Five things to know after Utah’s win over Toronto

When the first half was 2:28, Rudy Gay came off the bench and headed for the goal. After taking off his jacket and sweating, Gay checked in to the game when a loud cheer from the Utah devotees poured down on him.

What followed in 18 minutes of his action was nothing short of dazzling. He finished with 20 points (7/8 shot), 5 rebounds, 2 assists and a +14 rating.

“One thing I did well today? I didn’t hold the ball. That’s a big thing for this team. … When we did that, we were hard to beat,” Gay said when asked about his performance.

Gay wasn’t the only star, with seven players scoring twice as much, giving Utah a 119-103 win ahead of Thursday night’s visit to Toronto.

Here are five things you need to know after you win:

1.) Welcome back, Rudy Gay
After exactly a month of waiting, Gay made his Jazz debut a special track.

His ability to create space in the floor (5/6 from depth) as part of Utah’s second unit opened things up for the rest of the team. Joe Ingles was able to be effective when fouling with more space, allowing the ball to move continuously without any sticky spots – a highlight of the Jazz.

Gay had two games last season for Spurs, where he scored more than 20 points, but both fell short of the effect he played on Thursday night. While he doesn’t always shoot 87.5% off the floor, his versatility to mount it on both sides of the field gives Utah another legitimate weapon to attack and defense.

“Honestly, it’s been one of the hardest seasons and the start of a season I’ve been in,” Gay said. “I’m 35, going to have foot surgery, basically have to teach myself how to walk. You have to be a little bit crazy. … You have to be a little different. And I’m a little bit different.”

Entering his 16th season in the league, Gay has proven he’s more than capable of playing a vital role on a team in search of its first championship – and it’s a terrifying thought when Consider one of the deepest teams in the league only going deeper and more talented. .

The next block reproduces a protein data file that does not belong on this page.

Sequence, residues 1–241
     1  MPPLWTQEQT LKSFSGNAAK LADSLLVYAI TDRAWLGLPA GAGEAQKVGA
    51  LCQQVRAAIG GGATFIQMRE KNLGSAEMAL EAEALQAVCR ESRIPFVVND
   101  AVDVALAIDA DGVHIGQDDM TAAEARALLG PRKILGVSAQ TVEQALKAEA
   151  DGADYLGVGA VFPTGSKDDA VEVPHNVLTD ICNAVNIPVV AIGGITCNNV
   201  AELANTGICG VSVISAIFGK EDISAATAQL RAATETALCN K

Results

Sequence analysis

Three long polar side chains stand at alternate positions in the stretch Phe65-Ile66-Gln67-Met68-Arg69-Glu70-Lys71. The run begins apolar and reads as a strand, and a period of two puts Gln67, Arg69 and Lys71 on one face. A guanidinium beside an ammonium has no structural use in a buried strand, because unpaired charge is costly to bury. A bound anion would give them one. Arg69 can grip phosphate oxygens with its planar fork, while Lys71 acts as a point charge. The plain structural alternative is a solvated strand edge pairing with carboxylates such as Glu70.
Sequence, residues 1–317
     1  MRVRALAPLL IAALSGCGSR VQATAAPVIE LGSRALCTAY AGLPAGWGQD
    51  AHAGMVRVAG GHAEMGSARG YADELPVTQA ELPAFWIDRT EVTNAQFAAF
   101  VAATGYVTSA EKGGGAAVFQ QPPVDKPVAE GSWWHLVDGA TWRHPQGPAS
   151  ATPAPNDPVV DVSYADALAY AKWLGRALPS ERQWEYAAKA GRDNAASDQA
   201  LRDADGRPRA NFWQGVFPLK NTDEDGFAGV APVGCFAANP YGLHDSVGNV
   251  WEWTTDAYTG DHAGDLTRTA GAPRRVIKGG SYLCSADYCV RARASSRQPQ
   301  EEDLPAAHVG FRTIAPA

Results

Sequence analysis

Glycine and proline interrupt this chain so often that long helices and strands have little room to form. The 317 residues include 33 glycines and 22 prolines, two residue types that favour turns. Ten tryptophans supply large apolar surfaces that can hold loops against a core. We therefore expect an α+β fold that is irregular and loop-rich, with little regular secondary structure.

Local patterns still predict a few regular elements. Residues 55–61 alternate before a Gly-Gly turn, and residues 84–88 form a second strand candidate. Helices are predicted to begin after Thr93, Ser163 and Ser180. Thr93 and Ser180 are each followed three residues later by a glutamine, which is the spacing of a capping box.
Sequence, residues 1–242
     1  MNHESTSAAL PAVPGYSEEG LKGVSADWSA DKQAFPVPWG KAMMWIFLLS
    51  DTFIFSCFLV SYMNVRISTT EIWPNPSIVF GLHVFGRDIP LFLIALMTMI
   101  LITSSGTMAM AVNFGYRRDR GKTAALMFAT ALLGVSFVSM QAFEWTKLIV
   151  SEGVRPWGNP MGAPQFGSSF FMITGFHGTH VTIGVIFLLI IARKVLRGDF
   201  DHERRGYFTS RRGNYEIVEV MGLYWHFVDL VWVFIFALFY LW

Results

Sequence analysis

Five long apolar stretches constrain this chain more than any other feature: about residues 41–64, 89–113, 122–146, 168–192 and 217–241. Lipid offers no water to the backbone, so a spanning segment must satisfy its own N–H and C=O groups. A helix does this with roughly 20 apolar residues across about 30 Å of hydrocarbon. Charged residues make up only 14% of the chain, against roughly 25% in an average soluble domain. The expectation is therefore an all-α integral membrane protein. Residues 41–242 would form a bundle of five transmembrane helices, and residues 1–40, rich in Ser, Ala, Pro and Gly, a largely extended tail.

2.) Mike Conley dominates without a shot
Conley understands that with so many talented scorers surrounding him, he doesn’t need to hit 10-15 shots to dominate a basketball game.

The 15-year veteran knows he is capable of taking over games even with very few shots. Through his leadership, passing and defense skills, Conley can impact the game just as Donovan Mitchell does when he scores 40 points on a given night.

Conley proved it against Toronto.

Although he finished with five points in a 2-v-4 shoot (1 in 2 from deep), he created seven assists, won two robberies and had one block. Most impressive, however, was that Conley decided the tempo and attack for the Jazz, had many “hockey” assists and finished with the season’s highest +33 rating.

“Honestly, Mike Conley dominated the game,” Snyder said of his all-star point guard. “It says a lot about the person he is as a player as he takes four shots and dominates the game. We have a lot of contributors, but Mike, on my mind. , the way he played was unselfish and facilitated.… Plus 33 jumps out.”

After battling injury late last season and in the knockout stages, the Jazz want to prioritize Conley’s health this season – he’s sidelined two of Utah’s 15 games. While never an advocate of not competing, Conley is proving that a little respite will eventually pay dividends for Utah.

3.) Joe Ingles near Notches Triple-Double
One of the game’s best sharks, Ingles took on the role of de facto backup point guard for Conley when he got up and running with the second unit.

Even then, the year’s sixth runner-up has had a slow start to the season as his points, rebounds and assists have all dropped from last time around. While there were discussions about why that was, Ingles didn’t mind them, knowing he was doing what was necessary to help the Jazz win.